Tuohys Gully Station has been recognized as ZQ-certified since ZQ’s earliest days, and the Scurrs are committed to the program because of its high standards of animal welfare, environmental development, and long-term contracts that ensure the farm’s improvement for years to come.
The next morning, the Scurr kids—Angus, 5, and Bryar, 3—walked Katie and Tommy through their routine chores. The Backcountry team even got to cuddle with a few of the farm’s newest lambs and was impressed by how much land the sheep had to roam in this picturesque setting of grassy, rolling terrain with snow-capped peaks in the distance.
“I helped Angus feed his new farm puppies,” says Katie. “We collected eggs for breakfast, and then headed over to the shearing station to shear a sheep.”
Shearing season in New Zealand runs from the end of July through the beginning of October—spring in the Southern Hemisphere—and it’s a very hands-on experience. The whole family, kids included, pitched in. The Scurrs sheared with calm efficiency to keep sheep stress at bay and get animals back to pasture as quickly as possible.
After each sheep is sheared, the wool is hand-sorted by quality and micron, which is the diameter of a single fiber of wool. The smaller the micron, the softer the wool. Only low-micron wool makes it into next-to-skin products like Smartwool’s baselayers, while slightly coarser wool, which is also more durable, is used for socks and outerwear.
And exactly how many sheep were shorn to make the baselayer you’ll wear under your ski jacket this winter? The wool of one sheep produces enough yarn for seven of Smartwool’s Merino 250 Shirts or 48 PhD Outdoor Medium Crew Socks. While the farmers provide this wool, they rarely get to see the finished product.
That’s why one of Tommy’s most poignant experiences on the trip was when Smartwool brought the farmers and their families a finished merino product as a gift. “It almost brought tears to my eyes, as well as the farmer’s, to see their wool come full circle,” says Tommy. “It makes you think about where your stuff is coming from and the amount of work that’s going into it.”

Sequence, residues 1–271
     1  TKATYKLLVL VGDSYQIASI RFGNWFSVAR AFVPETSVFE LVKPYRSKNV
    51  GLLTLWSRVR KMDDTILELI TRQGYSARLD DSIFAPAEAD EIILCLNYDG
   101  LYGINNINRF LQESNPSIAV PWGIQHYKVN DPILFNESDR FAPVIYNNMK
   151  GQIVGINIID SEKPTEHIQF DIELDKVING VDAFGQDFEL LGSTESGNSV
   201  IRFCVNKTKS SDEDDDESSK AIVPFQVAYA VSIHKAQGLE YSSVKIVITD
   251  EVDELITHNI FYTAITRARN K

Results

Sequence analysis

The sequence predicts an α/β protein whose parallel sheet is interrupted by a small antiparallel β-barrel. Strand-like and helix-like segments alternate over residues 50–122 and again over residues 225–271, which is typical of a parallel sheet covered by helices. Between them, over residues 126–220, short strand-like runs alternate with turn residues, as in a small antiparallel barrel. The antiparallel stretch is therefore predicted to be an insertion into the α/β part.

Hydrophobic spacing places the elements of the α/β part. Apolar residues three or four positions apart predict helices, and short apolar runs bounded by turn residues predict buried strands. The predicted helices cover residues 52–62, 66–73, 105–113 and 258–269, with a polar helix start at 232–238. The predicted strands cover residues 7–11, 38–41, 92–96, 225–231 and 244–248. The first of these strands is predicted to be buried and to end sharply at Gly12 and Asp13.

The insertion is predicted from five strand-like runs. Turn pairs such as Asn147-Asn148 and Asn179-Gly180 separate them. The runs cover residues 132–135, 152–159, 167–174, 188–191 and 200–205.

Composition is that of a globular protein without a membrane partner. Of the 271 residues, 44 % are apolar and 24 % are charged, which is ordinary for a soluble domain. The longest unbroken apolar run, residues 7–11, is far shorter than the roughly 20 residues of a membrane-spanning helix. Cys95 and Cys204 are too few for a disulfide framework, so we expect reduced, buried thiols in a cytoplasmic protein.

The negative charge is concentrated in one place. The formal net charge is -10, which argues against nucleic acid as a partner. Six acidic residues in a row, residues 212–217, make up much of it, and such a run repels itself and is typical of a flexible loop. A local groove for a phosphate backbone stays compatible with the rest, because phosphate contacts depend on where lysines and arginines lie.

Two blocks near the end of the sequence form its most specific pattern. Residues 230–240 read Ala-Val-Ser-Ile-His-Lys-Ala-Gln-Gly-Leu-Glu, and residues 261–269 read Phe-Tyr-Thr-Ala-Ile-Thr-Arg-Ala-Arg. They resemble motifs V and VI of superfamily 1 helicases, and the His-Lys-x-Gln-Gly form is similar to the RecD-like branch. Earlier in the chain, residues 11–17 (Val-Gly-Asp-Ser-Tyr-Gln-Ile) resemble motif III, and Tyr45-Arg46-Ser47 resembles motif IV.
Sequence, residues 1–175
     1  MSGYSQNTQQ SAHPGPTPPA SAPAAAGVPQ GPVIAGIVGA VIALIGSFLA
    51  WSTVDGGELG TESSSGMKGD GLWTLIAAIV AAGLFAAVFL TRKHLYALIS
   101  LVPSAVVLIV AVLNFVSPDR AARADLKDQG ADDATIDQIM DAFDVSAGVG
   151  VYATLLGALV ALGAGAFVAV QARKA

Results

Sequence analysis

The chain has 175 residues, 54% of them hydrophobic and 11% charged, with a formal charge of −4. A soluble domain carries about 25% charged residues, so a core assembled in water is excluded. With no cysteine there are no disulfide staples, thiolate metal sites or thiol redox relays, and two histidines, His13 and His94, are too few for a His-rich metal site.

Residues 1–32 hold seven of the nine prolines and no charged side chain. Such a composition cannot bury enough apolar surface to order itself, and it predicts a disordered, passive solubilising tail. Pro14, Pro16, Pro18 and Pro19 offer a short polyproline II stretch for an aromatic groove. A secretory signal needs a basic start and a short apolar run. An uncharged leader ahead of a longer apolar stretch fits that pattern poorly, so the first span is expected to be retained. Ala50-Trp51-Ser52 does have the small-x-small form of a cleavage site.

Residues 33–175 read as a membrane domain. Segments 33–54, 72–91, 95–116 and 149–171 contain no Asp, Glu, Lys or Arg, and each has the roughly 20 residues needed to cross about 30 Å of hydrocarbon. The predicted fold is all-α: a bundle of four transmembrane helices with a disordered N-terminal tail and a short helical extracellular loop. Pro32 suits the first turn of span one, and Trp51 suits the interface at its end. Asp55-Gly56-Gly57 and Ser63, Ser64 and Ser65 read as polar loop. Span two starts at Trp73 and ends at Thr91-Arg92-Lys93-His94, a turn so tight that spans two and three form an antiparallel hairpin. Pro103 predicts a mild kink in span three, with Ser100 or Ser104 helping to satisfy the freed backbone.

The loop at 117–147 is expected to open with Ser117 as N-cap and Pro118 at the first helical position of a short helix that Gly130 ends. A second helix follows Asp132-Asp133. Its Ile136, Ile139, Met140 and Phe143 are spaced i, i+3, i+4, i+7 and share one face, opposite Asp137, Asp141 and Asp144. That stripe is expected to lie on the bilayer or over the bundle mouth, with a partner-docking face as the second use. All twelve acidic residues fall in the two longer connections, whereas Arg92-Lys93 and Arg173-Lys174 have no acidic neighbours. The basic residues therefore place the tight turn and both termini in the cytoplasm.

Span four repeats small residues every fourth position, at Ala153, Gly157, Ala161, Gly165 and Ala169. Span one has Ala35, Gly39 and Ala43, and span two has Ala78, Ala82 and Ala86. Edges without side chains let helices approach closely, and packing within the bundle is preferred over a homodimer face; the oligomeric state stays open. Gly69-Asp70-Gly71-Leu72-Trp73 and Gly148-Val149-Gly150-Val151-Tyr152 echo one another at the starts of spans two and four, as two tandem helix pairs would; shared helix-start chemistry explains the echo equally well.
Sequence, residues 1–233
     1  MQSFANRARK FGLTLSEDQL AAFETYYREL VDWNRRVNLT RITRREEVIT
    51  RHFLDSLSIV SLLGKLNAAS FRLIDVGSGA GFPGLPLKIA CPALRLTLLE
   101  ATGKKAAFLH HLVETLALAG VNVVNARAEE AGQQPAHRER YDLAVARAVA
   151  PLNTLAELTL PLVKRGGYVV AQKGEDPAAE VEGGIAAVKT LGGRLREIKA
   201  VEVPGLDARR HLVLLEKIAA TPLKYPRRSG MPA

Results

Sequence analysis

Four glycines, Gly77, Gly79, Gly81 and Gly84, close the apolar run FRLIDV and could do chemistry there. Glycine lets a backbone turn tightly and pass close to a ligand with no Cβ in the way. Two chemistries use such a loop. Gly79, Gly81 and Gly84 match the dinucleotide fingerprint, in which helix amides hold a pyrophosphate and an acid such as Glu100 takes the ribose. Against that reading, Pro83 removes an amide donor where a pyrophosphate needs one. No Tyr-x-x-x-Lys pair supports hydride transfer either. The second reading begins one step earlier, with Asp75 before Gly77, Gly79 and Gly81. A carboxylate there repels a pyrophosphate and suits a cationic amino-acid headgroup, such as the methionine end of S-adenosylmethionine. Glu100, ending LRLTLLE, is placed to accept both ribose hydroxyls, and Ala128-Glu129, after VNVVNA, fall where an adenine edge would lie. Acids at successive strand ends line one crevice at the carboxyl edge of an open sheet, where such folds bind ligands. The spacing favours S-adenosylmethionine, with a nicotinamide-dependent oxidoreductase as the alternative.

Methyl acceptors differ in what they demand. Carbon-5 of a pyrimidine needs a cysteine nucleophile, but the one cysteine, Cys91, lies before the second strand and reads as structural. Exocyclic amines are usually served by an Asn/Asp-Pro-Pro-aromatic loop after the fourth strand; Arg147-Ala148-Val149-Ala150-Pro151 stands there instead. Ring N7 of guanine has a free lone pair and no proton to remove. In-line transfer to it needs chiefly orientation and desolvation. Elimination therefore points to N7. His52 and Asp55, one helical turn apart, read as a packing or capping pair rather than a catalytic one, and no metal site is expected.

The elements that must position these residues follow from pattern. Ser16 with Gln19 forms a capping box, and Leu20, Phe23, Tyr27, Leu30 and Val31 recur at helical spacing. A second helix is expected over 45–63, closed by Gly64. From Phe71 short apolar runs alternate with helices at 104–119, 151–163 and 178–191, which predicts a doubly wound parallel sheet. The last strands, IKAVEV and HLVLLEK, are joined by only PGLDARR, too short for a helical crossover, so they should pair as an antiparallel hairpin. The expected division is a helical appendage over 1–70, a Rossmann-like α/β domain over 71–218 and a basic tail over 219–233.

Loch Linnhe Station
Just a few hours south of Cardrona Valley in Kingston, sits Loche Linnhe Station, owned by Murray and Karen Scott and their daughter, Sophie. Merino growers by day and artists by night, the Scotts have decorated their farmhouse with eclectic paintings and an aerial photograph of their property—all 27,000 acres of it. With spectacular views of the Nevis River bordering the farm, Loch Linnhe is home to Merino sheep, cows, and the family’s “pet” sheep, Houdini.
Murray and Karen had been long-term growers with NZMC, so when it launched ZQ in 2007, putting sustainability and the future of their farm first was a no-brainer. The Scott’s farm, like the Scurr’s and many other ZQ growers’ properties, is multi-generational, so the family has a deep connection with their land. And the knowledge and drive to manage these farms is passed on from generation to generation.
Now that she’s graduated art school, Sophie plans to take over the farm and continue following the ZQ standard to ensure the long-term vitality of Loche Linnhe Station.
“It’s clear that these growers have an incredible dedication to growing the most consistent, highest-quality, natural performance fiber on the planet while ensuring the long-term sustainability of their land, families, and animals,” says Tommy. “It circulates back to the whole family concept. They take care of the sheep like they are part of the family—and they are.”